- Early Read of Chart
Territory: Win it, Prove it, Lose it:
▪ Winning Territory
▪ FT (Follow-through bars)
- Bars1, 2, 8, 11
- Apex Splitters
- Fade4th of anything
Territory: Win it, Prove it (FT), Lose it (Violations)
The box creates many opportunities for price to “win territory” with penetrations, “prove itself” with FT bars, and "give it up" or lose it through violations.
Territory is won when a bar penetrates an up angular and closes above it in the case of a move up, or when it pierces a down angular and closes below it in the case of a move down. Territory may also be won in a similar fashion with respect to horizontals.
Having won the territory, price must then “prove itself”. It does so by immediately printing a follow-through (FT) bar and by maintaining proximity to the angular, or by not violating (giving up) the nearby angular or horizontal.
Territory that is not won will not be defended.
Follow-Through Bar (Alan's examples of FT bars)
Traders can study the chart showing the various types of follow through bars and then review prior days charts both statically and in playback to better understand this very important concept.
In its simplest form, an FT bar is a HH and a HL (or a LH and LL) in the direction of a trend. However, when a bar creates a HH and a HL, but the HL violates its adjacent angular or horizontal, that is not a FT bar (a non FT bar) as that violation gave up previously won territory.
Proximity to an angular is quite strict. Price must stay close to the angular, but must not penetrate it. When price is still correctly trending relative to the nearby angular, but the slope of the trend is creating distance from it, minor angulars may be placed to protect the trend. However, the minor angulars do not in themselves create opportunities, they serve only to protect.
Ranking FT Bars
An FT bar takes precedence over other obligations such as the 2Z, Apex Splitter, or VBTs.
Territory won and confirmed by an FT bar can be ranked in importance as follows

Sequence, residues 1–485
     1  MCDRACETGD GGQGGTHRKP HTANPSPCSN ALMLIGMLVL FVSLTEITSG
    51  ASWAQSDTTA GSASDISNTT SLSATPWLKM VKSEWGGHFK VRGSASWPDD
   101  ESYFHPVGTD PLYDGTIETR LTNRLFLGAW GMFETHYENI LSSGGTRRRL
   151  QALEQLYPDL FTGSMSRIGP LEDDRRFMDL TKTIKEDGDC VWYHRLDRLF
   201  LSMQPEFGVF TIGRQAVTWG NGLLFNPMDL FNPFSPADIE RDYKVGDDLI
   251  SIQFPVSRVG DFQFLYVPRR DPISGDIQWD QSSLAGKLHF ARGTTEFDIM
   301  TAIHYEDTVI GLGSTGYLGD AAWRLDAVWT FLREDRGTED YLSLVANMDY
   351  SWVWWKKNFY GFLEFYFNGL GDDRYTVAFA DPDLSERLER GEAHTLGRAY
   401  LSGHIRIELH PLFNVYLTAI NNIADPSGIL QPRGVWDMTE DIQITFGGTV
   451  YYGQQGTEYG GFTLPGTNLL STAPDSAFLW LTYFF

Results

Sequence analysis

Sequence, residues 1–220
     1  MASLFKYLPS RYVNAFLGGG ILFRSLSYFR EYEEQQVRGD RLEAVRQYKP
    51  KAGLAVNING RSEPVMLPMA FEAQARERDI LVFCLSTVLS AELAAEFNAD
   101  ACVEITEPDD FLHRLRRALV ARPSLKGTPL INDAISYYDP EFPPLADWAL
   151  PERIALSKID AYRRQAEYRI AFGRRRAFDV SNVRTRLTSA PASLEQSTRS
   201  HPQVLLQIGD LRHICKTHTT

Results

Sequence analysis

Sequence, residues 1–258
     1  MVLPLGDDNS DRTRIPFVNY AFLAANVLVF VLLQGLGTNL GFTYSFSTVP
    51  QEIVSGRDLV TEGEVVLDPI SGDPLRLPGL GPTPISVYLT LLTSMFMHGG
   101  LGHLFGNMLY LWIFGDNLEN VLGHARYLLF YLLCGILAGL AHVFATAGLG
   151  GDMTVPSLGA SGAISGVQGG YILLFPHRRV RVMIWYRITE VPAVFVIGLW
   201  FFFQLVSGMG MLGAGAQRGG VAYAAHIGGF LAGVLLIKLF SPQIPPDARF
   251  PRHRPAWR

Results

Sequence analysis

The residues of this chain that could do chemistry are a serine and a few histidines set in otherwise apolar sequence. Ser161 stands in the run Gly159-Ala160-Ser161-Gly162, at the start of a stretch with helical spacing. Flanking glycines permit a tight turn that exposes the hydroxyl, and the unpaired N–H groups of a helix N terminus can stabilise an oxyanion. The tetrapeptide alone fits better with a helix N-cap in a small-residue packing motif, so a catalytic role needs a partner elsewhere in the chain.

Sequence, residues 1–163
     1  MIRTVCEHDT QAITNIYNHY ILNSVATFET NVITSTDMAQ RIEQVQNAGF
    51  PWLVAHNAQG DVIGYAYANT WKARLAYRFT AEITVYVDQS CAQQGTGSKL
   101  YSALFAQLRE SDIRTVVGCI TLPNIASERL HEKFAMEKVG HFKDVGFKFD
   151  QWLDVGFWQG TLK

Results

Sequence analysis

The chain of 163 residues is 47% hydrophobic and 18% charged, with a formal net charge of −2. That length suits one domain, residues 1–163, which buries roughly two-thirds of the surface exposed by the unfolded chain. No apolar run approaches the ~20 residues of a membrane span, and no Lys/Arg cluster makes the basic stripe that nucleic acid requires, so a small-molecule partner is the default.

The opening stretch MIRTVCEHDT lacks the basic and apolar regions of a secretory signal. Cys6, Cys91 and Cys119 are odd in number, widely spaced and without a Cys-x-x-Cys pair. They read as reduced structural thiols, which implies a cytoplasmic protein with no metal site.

If nothing has been won, there is nothing to protect.
Quality of FT Bar
A quality follow through bar going up will have a HH and a HL and will close in the higher part of its bar. Likewise a quality FT bar going down will have a LH and a LL and will close in the lower part of its bar.
A quality FT through a quartile is stating that the next quartile in the direction of the trend (ie, next down quartile or next up quartile) can be expected as a target.
An FT bar is checked when the move continues in the direction of the trend without violation of the FT bar. It becomes unchecked when the low of the up FT bar is taken (or the high of a down FT bar is taken), ie, the FT bar is no longer predictive.
Where people get trapped is they see a lousy (poor quality) FT bar and immediately enter. The market has spoken, but has not activated them. It is saying to expect lousy follow through.
A pattern completion target can be set by following the angular that was won to its endpoint on the box.
After having won territory, should a bar then pierce the angular or horizontal just won, a violation is created and price "gives up" the territory.
In the case of an angular, the use of that angular to provide protection is not to be trusted. In the case of a horizontal, it is saying that price does not want to go into that territory, or that if it does, it will not defend it.
Additionally, if that violation was also a VBT (see VBT section), this should be noted on the chart as while the move may continue, odds of it failing (intraday) are established by that VBT.
Price will often use the space between like angulars as a channel, stepping down or up the channel successively through the quartiles. Alan calls these bands.
When a channel gets violated, the pattern completion is the exact end of the violated line. When a channel has not been violated, the pattern target completion is a quartile extension of that line, extended each time another band is won.